Safety at Heights – Are You Taking Correct Safety Measures?
Falls are a frequent cause of serious injury or death in Australian workplaces. In the 10 years from 2003 to 2013, 11% of all workplace deaths were related to falls. Working at great heights is obviously hazardous, but death can occur from a fall of less than 6 feet. Even falling from ground level into a shallow hole, trench or service pit represents a serious hazard.
There are numerous ways to fall from heights in the workplace. Ladders, scaffolds, rooftops can all seem like a safe place to stand and work but all three can be equally dangerous. An unstable ladder, poorly constructed scaffolding unit or slippery roof can increase the risk of falling. A fall happens in the blink of an eye and be harmless to deadly as a result. Are you taking the correct safety measures for fall prevention?
Is the Equipment Safe?
Workers use a variety of equipment when doing jobs in high places. Are ladders in use and if so are the ladder steps in good shape with non-slip treads? What about scaffolding? Is it built properly and able hold the necessary weight of workers and equipment? Laurie Joyce from Fortress Fencing and Safety Systems believes to be extra safe when working at heights scaffolding netting can mean the difference between a minor injury and a major injury.
Lifts, platforms and safety harnesses are regularly used workplace equipment and in some cases, mandatory. Lifts should be in good working order and inspected regularly. Platforms are similar to scaffolding but may or may not have rails. Like scaffolds, platforms should be well constructed and able to bear the weight. Safety harnesses are handy, and in most cases required, for working on steep rooftops or any construction above a few feet. The clips and lines should be in good working order with no frays or shredded areas.
Another workplace consideration is items falling from above. A trowel, hammer, paint bucket or any tool dropped from above will seriously injure or kill if it hits somebody’s head below. Hard hats go a long way in decreasing workplace injury in this manner but will only work while on the head. Hard hats don’t help if they’re lying in the back of a Land Rover. However not just any hard hat will do, only Australian Standards Certified Hard Hats have been independently tested and are guaranteed to provide the level of protection required.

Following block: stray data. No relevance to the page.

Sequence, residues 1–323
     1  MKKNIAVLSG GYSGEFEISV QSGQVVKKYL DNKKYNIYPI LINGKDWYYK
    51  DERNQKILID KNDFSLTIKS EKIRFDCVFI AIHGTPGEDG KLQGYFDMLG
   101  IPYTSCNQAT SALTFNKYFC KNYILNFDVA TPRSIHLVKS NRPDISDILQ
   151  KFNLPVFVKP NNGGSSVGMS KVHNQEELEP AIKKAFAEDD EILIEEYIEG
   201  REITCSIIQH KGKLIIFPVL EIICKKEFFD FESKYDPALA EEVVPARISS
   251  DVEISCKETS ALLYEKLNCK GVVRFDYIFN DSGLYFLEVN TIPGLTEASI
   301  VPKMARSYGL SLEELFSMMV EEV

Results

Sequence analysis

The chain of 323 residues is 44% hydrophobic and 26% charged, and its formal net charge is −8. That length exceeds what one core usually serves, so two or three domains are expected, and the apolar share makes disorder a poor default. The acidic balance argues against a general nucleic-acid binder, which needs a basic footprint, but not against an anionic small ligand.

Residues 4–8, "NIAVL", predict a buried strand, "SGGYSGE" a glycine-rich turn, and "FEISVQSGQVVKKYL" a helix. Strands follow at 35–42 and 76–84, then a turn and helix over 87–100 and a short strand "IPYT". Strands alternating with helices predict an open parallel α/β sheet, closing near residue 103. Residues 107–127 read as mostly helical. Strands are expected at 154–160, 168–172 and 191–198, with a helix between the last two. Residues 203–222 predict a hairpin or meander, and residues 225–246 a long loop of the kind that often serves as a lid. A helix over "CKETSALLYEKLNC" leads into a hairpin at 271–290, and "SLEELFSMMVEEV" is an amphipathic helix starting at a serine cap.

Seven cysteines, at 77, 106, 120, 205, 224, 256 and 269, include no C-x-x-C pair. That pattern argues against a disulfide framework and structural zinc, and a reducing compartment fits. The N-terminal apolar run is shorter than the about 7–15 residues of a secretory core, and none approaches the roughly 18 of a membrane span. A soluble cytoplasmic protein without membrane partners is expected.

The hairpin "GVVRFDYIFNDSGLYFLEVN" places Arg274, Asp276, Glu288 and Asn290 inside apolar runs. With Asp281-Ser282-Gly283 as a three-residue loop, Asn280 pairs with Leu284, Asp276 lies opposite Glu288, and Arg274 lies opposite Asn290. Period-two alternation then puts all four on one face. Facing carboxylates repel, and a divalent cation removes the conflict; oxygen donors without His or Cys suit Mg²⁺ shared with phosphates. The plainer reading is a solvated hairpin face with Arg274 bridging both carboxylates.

Regulations and Training
It’s not enough to simply check ladders and scaffolds and hope for the best. Almost 8,000 Australian workers filed compensations claims in 2010-1011. This works out to 21 accidents daily resulting in lost productivity for at least a week or more. Many of these costly accidents could have been prevented by fully understanding safety regulations and adhering to them. Good site managers implement training sessions with regular reminders and inspections. Assigning new people to experienced mentors is a good practice. Well trained mentored workers make safer workers long term.
Taking Safety Seriously
The business owner, work site manager and employees should come together in solid agreement regarding safety. It may add expense to implement certain safety measures but in the long run, safety pays off with less injury and claim costs. Working in tandem to keep the workplace productive as well as safe is a win-win for everyone.